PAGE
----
view of side scan sonar image of sunken ship in Pascagoula, Miss. Photo Credit: NOAA
NOAA’s Office of Response and Restoration and Office of Coast Survey, working with the U.S. Coast Guard and other federal and state agencies, are assisting with Gulf of Mexico recovery efforts by performing hydrographic surveys and risk assessments of underwater debris left in the wake of Hurricane Katrina. The mapping aspect of the project will aid in the risk assessment and prioritization of the removal of debris to restore safe navigation and re-establish commercial fishing in the regions.
The survey work will include sounding measurements to determine the depth of the debris, as well as the use of side scan sonar—a towed device capable of scanning more than 600 feet of seafloor side to side—to provide imagery of the seafloor and marine debris. The NOAA Office of Coast Survey will utilize the survey data to update nautical charts in the region, providing mariners with more accurate and up-to-date navigational information.
"In addition to the surveys and mapping, the team will work with the public to facilitate the development of debris risk assessment criteria," said Holly Bamford, director of the NOAA Marine Debris Program. "This public information program is designed to ensure that all parties are aware of NOAA's activities and to ensure that we address the needs and concerns of the public."
After the 2005 hurricane season, the coastal zones of Louisiana, Mississippi
and Alabama, and the near shore environment, were littered with debris hazardous to safe navigation, commercial fishing, recreational boating and other normal activities. Storm surge, retreating flood-waters, and wrecked and lost recreational and commercial vessels were major sources of the debris.
The NOAA Office of Response and Restoration is leading the public information program effort, which also includes the development of an integrated project Web site that includes GIS interface to serve as a conduit between survey data from the field and those with a stake in the results of the surveys. The site also will include a marine debris risk assessment job evaluation aid for use by parties tasked to remove submerged debris in the future. Collaboration with local stakeholders and state agencies will be essential as NOAA works to determine their data needs through a series of workshops and develops methods of disseminating these data in a useful and effective manner.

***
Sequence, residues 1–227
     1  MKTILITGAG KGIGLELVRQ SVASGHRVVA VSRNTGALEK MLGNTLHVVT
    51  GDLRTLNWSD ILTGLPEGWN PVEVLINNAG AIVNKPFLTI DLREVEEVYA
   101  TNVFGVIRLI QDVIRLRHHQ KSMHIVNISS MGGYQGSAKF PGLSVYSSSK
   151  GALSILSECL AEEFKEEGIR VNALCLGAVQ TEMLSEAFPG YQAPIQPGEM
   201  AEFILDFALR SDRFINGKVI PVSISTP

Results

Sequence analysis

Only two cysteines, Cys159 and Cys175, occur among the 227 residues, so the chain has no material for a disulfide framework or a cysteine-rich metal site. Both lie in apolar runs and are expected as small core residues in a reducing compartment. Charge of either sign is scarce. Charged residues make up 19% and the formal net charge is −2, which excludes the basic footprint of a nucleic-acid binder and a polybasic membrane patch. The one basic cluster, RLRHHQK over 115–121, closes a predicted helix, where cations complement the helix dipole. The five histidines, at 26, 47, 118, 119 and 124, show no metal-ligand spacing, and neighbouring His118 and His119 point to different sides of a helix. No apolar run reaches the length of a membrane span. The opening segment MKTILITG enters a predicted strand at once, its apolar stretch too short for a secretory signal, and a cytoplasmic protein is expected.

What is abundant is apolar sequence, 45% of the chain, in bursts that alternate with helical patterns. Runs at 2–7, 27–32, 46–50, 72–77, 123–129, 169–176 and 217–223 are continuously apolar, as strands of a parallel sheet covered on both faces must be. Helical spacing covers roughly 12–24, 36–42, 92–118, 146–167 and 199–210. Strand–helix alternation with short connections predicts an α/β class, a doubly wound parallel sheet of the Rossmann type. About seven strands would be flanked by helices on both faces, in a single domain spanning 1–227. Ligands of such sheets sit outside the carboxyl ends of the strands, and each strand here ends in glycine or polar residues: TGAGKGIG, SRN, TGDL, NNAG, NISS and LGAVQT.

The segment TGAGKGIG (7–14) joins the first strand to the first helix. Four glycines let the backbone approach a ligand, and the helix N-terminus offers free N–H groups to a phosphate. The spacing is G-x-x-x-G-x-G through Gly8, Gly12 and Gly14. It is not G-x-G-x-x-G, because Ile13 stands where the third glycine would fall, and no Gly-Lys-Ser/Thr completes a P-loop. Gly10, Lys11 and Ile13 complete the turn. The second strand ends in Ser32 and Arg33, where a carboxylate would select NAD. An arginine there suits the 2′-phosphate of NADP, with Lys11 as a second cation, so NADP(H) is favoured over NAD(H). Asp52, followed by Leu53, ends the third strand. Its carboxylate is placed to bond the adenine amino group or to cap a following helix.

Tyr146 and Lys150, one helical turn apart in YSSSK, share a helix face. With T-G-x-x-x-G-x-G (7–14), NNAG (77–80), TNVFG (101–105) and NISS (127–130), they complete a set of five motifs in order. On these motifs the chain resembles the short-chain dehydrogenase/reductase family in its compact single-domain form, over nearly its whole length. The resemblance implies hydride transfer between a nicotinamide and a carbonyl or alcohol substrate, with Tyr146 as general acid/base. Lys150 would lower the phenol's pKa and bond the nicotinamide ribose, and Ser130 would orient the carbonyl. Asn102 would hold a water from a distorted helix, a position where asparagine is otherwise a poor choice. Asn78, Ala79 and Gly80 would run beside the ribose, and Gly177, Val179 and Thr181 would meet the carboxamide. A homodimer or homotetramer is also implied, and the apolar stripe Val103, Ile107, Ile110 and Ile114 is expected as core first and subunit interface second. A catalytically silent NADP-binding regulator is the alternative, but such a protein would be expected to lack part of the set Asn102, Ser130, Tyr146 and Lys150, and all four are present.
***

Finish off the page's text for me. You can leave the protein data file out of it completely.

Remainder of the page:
To assist in the coordination efforts, the NOAA Gulf of Mexico Marine
Debris Project team recently opened a field coordination office in New Orleans' Hale Boggs Federal Complex to work with stakeholders in the region for at least one year.
The NOAA Marine Debris Program works with other NOAA offices, as well as other federal, state and local agencies, and private sector partners to support national, state, local, and international efforts to protect and conserve the nation's natural resources and coastal waterways from marine debris.
In 2007 NOAA, an agency of the U.S. Commerce Department, celebrates 200 years of science and service to the nation. Starting with the establishment of the U.S. Coast and Geodetic Survey in 1807 by Thomas Jefferson much of America's scientific heritage is rooted in NOAA. The agency is dedicated to enhancing economic security and national safety through the prediction and research of weather and climate-related events and information service delivery for transportation, and by providing environmental stewardship of the nation's coastal and marine resources. Through the emerging Global Earth Observation System of Systems (GEOSS), NOAA is working with its federal partners, more than 60 countries and the European Commission to develop a global monitoring network that is as integrated as the planet it observes, predicts and protects.